The reactionary logic of the Putin regime’s orientation is accentuated by two central components of its foreign policy strategy: First, it seeks to reshuffle the borders of Russia and Europe as part of a renegotiation of the terms of its “co-existence” with imperialism. In the interview, Putin not only defends the invasion of Ukraine as a legitimate response to the borders created under Lenin, but also insists that other countries, especially Hungary, which has long-standing border disputes with Ukraine, have a right to “reclaim land” that they consider their own.

Second, the regime’s efforts to negotiate a settlement with imperialism are ever more overtly focused on appealing to the extreme right-wing opposition within the ruling class in the imperialist centers. In the interview, Putin once again asserted that the “de-Nazification” of Ukraine was a central objective of the war. By justifying the invasion with this slogan, Putin sought to appeal to the deep-seated anti-fascist sentiments of the working class and the collective memory of the Soviet working class’s struggle against Hitler’s aggression. However, Putin’s true stance on fascism was revealed in this interview. With a straight face, he stressed the importance of combating fascism with Tucker Carlson, a notorious mouthpiece of the far right.

The way forward for the working class

By resurrecting tsarist and Russian Orthodox mythology and advocating the neo-Stalinist concept of “multipolarity,” Putin ultimately demonstrates that the Russian oligarchy has maintained an exceedingly fragile social, economic and political position throughout its 30 years as a ruling class. The regime’s extreme instability is evident in both its foreign and domestic policies.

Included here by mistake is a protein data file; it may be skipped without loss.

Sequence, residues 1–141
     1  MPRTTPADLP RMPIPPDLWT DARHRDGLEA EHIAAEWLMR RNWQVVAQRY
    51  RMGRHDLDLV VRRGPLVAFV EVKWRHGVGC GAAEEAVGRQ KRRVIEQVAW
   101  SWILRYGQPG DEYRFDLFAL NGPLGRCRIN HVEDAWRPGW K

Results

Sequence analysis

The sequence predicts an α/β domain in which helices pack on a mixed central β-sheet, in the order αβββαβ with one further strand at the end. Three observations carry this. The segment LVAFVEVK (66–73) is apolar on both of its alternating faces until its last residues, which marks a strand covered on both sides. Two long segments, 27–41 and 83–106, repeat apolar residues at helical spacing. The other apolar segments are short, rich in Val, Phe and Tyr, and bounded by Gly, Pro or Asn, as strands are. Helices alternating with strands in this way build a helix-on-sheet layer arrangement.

Even as imperialism escalates toward World War III, Putin attempts to secure a deal through diplomatic and military maneuvers that are ideologically based on appeals to nationalism and the far right. The interview serves as an indicative step in this process.

The working class must draw important lessons from this interview. It exposes the political and historical bankruptcy of the oligarchic regime stemming from the Stalinist betrayal of the October Revolution and the subsequent restoration of capitalism.

The bitter experience of two world wars demonstrates that imperialism cannot be transformed into an instrument of world peace. To avert catastrophe, the working class must formulate its response to the war on an independent and internationalist basis, in opposition to all factions of the imperialist powers and the oligarchies that emerged from the Soviet Union’s ruins. It must seek not the reshuffling of borders or a rearrangement of terms between capitalist countries but the overthrow of the nation-state structure and the world capitalist system.

What is imperative is the establishment of a socialist anti-war movement among youth and workers, grounded in the traditions and principles of internationalism and Marxism, namely Trotskyism. This is the goal pursued by the Young Guard of Bolshevik-Leninists in Russia and Ukraine, alongside their comrades in the International Committee of the Fourth International.